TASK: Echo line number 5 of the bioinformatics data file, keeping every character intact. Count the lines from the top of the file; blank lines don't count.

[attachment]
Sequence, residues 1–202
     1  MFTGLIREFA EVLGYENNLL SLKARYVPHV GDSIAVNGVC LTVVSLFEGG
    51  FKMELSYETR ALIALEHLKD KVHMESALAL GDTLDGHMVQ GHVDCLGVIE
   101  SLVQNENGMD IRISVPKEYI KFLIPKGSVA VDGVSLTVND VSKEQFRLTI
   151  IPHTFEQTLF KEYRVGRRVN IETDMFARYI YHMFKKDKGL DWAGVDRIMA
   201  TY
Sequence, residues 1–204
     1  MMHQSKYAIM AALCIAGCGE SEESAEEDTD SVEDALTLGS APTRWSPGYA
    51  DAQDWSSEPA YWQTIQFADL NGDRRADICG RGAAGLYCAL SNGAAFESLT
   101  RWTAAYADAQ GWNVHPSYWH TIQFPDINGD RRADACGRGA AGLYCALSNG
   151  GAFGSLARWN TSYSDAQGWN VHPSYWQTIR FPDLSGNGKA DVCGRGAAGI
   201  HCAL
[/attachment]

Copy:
   151  IPHTFEQTLF KEYRVGRRVN IETDMFARYI YHMFKKDKGL DWAGVDRIMA